As of 2014, Flambeau Plastics continued to run the company. As popularity spread through the 1970s and 1980s, there were a number of innovations in yo-yo technology regarding the connection between the string and the axle. In 1979, dentist and yo-yo celebrity Tom Kuhn patented the “No Jive 3-in-1” yo-yo, creating the world's first "take-apart" yo-yo, which enabled yo-yo players to change the axle. Swedish bearing company SKF manufactured novelty yo-yos with ball bearings in 1984. In 1990, Kuhn introduced the SB-2 yo-yo that had an aluminum transaxle, making it the first successful ball-bearing yo-yo. In all transaxle yo-yos, ball bearings reduce friction when the yo-yo is spinning, enabling longer and more complex tricks. Subsequent yo-yoers used this ability to their advantage, creating new tricks that had not been possible with fixed-axle designs. There are many new types of ball bearings in the market which deviate from the original design and/or material of the standard stainless steel ball bearing.
For example, a certain type of bearing has an inward facing curved surface, to prevent the string from rubbing on the sides of the yo-yo, which would cause unwanted friction when performing intricate string tricks. Other manufacturers replicate this with a similar inwardly curved surface, but use minor modifications; some high-end bearings use ceramic composites in the balls of the bearing, to reduce internal friction, again making for a smoother spinning yo-yo. Precious materials such as ruby have been used as a material in prototype ball bearings for its properties such as extreme hardness; the material was first tested in a prototype bearing made by Wolf Yoyo Works in May 2018. The sleeper is one of the most common yo-yo throws and is the basis for nearly all yo-yo throws other than looping. Keeping a yo-yo spinning while remaining at the end of its uncoiled string is known as sleeping. While the yo-yo is in the "sleeping" state at the end of the string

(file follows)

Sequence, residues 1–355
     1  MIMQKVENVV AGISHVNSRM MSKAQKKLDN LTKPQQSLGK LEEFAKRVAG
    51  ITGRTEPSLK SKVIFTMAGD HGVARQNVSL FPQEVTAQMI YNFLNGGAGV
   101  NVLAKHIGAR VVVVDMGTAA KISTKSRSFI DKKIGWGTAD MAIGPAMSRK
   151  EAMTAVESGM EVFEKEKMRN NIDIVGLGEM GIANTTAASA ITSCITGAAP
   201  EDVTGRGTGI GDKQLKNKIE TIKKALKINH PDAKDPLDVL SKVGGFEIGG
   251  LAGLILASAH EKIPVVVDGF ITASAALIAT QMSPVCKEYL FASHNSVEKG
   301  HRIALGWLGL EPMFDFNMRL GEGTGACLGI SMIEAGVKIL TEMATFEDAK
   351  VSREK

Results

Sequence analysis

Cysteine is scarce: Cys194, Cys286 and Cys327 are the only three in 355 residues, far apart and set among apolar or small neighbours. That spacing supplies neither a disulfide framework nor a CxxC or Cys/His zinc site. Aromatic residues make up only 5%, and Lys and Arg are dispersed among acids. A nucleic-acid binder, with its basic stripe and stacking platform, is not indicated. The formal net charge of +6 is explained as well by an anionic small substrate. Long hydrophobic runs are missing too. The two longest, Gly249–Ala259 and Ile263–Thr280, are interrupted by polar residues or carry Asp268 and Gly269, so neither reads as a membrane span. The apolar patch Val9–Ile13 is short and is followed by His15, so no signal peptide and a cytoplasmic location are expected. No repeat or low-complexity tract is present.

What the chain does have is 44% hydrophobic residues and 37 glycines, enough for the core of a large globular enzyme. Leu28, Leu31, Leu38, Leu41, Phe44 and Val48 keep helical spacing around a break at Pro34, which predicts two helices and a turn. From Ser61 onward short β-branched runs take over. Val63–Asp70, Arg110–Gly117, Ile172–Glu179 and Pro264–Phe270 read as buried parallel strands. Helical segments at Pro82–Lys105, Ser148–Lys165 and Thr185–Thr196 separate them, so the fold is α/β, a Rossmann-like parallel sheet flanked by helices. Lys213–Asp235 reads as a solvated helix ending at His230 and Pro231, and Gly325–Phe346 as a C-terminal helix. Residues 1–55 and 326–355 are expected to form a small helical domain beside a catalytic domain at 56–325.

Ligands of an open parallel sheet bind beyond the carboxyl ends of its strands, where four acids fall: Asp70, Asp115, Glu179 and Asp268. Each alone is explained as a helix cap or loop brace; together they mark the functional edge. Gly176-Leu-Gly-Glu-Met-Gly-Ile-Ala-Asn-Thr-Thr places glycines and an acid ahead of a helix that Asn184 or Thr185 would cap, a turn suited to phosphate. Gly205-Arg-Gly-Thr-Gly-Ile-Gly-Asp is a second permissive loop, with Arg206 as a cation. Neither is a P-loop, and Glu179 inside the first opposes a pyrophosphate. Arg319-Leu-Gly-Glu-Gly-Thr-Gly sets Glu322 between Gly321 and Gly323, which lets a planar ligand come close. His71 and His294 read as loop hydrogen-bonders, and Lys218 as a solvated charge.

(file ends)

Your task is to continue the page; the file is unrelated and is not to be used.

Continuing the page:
John Willard Shy is a military historian and professor emeritus at the University of Michigan. Shy is part of a group of military historians who examined the interplay of the military and society in the colonial and revolutionary periods of American history. Shy attended the United States Military Academy, graduating in the class of 1952, he received his master's degree from University of Vermont in 1957. Shy graduated with his PhD from Princeton in 1961. Shy specializes in the American Revolutionary periods; the University of Michigan presented him with the Distinguished Faculty Achievement Award in 1994. Shy received the Morison Prize from the Society for Military History in 2002. Shy gave the 2008 George C. Marshall Lecture in Military History. Paret and John W. Shy. Guerrillas in the 1960's. New York: Published for the Center of International Studies, Princeton University, by Praeger, 1962. OCLC 275746 Shy, John W. Toward Lexington. Princeton, N. J.: Princeton University Press, 1965. Shy, John W.
A People Numerous and Armed: Reflections on the Military Struggle for American Independence. New York: Oxford University Press, 1976. ISBN 0195020138 Gilbert and John W. Shy. Winding Down: The Revolutionary War Letters of Lieutenant Benjamin Gilbert of Massachusetts, 1780-1783: from His Original Manuscript Letterbook in the William L. Clements Library, Ann Arbor, Michigan.: University of Michigan Press, 1989. ISBN 0472101129 John Shy on IMDb